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Calgary – The writing on the side of the shiny truck nicely sums up the man’s career. Painted in big letters, white on black, are two lines – 12 world championships, 12 Calgary championships. That snapshot of dominance is digestible even at highway speed. And the licence plate declares who’s in the driver’s seat – KING K. Yes, the King. Kelly Sutherland.
The chuckwagon legend, who will soon know if he needs to update that paint job, is taking his last crack at the GMC Rangeland Derby. Because, whether he likes it or not, the pasture awaits. Aging out at 65 years old, does not mean he intends to tiptoe away from the Calgary Stampede. A household name, the winningest reinsman in history, he remains hungry.
“When you talk about racing, I was a hog – I got to the trough,” says Sutherland, relaxing at his son Mark’s spread, south of Calgary. “When I leave, there’s going to be quite a vacuum… because I’m always perceived to be a threat to win. If I can get there, I can usually get the job done.”
Action – with $1.15 million in prize money – opens Friday at 7:45 p.m. It concludes July 17 with the Dash for Cash. One of 36 invitees, Sutherland has appeared 21 times in the championship heat.
So he doesn’t see why he can’t pad his portfolio.
“Oh, that would be special,” he says of the prospect of nailing down a 13th title here. “Every win has been extremely emotional, especially the last ones. You know you’re coming to the top of the mountain and you’re putting up more flags. That’s how I look at it – you make your mark higher every time you win. The minute you stop doing that, of course, your career starts going the other way.”
Sutherland admits that, physically, he ain’t what he used to be. Even faithfully following an off-season training regimen hasn’t slowed a case of the creaks. As a relatively small driver, five foot 11 and 175 pounds, he’s taken a beating over the past 50 years.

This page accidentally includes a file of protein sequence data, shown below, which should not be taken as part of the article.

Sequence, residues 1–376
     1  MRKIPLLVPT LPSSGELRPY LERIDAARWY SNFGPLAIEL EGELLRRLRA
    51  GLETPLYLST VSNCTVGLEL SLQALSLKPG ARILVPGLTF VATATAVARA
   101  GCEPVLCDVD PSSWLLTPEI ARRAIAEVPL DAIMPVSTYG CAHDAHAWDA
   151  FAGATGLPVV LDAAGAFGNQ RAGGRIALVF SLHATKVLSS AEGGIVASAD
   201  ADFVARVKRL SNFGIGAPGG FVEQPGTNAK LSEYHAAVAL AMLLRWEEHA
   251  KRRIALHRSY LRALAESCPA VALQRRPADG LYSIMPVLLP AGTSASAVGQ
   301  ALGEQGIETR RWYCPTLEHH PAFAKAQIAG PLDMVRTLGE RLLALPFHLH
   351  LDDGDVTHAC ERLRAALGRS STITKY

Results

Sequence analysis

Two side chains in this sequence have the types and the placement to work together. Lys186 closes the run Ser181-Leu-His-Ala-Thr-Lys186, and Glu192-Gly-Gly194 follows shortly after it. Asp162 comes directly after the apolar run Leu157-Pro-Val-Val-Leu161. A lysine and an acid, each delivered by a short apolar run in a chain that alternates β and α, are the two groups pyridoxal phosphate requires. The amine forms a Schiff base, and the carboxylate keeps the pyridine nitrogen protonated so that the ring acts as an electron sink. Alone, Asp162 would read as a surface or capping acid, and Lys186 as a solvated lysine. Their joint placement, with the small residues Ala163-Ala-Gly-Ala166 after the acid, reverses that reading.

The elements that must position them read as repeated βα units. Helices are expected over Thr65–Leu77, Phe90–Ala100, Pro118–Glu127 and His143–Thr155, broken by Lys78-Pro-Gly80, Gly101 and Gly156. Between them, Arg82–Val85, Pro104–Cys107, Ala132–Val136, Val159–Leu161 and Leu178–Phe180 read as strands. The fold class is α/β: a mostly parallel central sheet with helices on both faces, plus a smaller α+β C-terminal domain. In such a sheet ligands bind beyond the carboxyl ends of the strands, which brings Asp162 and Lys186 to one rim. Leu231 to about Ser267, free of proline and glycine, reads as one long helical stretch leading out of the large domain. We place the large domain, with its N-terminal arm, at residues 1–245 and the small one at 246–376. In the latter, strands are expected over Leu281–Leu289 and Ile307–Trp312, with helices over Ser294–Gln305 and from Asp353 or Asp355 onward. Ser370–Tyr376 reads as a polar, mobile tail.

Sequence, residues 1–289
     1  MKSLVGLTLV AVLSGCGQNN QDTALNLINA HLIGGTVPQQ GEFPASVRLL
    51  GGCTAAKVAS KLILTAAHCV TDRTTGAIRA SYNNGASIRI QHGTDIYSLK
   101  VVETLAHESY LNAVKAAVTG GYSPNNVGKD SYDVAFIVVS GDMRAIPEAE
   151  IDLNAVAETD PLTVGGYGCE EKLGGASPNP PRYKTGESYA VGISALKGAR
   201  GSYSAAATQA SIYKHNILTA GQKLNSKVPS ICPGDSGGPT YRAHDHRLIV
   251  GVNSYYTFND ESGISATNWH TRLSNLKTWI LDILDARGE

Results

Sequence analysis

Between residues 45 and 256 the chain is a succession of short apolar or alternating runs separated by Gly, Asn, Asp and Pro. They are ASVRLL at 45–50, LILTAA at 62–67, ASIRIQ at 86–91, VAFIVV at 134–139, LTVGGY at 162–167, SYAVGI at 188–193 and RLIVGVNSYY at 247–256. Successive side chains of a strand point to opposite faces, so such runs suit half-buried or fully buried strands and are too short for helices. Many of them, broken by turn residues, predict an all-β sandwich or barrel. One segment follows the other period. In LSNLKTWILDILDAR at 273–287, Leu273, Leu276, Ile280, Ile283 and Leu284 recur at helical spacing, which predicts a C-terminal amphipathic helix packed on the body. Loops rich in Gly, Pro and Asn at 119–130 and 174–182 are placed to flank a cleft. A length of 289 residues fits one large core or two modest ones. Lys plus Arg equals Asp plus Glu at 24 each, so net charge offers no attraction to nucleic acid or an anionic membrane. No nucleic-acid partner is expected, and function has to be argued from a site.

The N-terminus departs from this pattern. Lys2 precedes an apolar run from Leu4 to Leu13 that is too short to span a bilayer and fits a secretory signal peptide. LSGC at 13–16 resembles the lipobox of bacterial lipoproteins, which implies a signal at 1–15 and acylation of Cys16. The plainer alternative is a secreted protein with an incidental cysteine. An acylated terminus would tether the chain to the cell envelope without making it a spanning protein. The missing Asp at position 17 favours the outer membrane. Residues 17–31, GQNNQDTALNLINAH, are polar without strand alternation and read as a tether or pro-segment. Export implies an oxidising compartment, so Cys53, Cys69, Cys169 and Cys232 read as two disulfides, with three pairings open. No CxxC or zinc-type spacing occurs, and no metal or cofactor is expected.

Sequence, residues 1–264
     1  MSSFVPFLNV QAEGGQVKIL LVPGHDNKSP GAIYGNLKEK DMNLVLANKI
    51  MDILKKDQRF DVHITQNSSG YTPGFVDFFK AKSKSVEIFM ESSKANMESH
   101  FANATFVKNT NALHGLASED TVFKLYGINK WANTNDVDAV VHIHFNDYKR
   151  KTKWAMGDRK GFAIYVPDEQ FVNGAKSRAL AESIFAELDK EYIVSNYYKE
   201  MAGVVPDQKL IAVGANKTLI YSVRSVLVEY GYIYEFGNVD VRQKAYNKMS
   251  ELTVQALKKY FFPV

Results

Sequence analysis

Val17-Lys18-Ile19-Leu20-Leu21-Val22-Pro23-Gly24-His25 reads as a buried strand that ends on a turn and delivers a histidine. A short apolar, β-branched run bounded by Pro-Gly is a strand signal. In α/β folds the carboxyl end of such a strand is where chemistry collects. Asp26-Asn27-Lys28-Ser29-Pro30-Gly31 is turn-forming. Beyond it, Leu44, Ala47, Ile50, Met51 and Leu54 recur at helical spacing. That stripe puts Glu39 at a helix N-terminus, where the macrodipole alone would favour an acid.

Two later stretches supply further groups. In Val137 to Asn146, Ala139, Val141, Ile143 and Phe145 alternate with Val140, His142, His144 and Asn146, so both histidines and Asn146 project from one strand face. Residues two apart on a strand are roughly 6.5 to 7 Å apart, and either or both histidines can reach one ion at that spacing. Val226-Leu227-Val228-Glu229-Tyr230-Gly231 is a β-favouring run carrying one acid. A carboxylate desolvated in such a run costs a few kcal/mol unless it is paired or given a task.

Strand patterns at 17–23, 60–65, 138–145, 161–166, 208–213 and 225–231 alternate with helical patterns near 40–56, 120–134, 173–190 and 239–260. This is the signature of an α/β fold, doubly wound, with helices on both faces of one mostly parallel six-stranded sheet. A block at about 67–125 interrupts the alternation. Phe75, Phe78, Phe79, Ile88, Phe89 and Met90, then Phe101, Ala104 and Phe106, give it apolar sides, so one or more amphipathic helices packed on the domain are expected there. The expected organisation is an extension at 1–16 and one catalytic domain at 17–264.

“Shoulders, hips, all moving joints,” says the Grande Prairie, Alta., native. “The last five years have been extremely hard on my body. My body has been telling me for a while that things aren’t so nice.
“I can walk – everybody knows somebody that can’t – so I think that it’s just time for me.”
The sport won’t see another character like him. Peers and fans love or hate the outspoken star, but no one can dispute his profile, which he took measures to enhance. Accommodating reporters. Signing autographs. Promoting himself.
“I was the first chuckwagon driver that actually made posters,” says Sutherland. “It was frowned upon in the ’70s by the old guys. They were very reserved. It was the western way – you didn’t blow your own horn. My whole life has been colourful to say the least.”
Without question. Only 17 years old, and already married to his sweetheart Debbie, he made an erratic debut at the Stampede. At 20, he placed second.
“I thought, ‘Well, there it goes – I’m never going to win this thing.’ ” But in 1974, he became the youngest-ever victor in Calgary – only 22. He claimed four of the next five crowns.
“I thought I was invincible, that I could win at will.”
But over the next 19 years, he registered only a single Rangeland victory. Carousing was taking its toll. Desperately reaching out to Alcoholics Anonymous, he’s been sober since 1995.
“(Drinking) used to consume about eight hours of my day,” says Sutherland. “(Without booze) you’ve got that eight hours to put to use and I just focused on racing horses and winning. “I got cleaned up and I won (the Stampede) five out of six years.”
Along the way to chuckwagon’s pinnacle, he cultivated a couple of trademarks – the eagle feather (tucked into his hat band before his first Stampede triumph and immediately a permanent part of his get-up) and the exuberant post-race thumbs-up.
“That’s emotional,” Sutherland says of the gesture. “When you win something and you beat a bunch of guys … some guys hide emotion, I don’t.” He managed to capture Rangeland Derby titles in his 20s, 30s, 40s, 50s – and one a couple of months shy of his 60th birthday. Imagine that.
“When I was a kid, I always had so much drive to be successful,” he says. “Internally, I felt that I had to conquer some sporting event. Fortunately, I won early and often when I was young. I got the confidence. After that, it was natural.
“At some of the bigger events, like Calgary, (I felt) it’s not mine to win, it’s mine to lose. There was just an air about it. I feel an entitlement that that show is blocked and reserved for me.”
Now Sutherland, a great-grandfather, is done. Nearly.
“Kind of surreal,” he says, “because I’ve witnessed the sport come from the real, real rough, tough, old cowboy stance to a lot of commercialization now. I’m sure I’ll miss it, but I think I’m ready to move onto another chapter in my life.”
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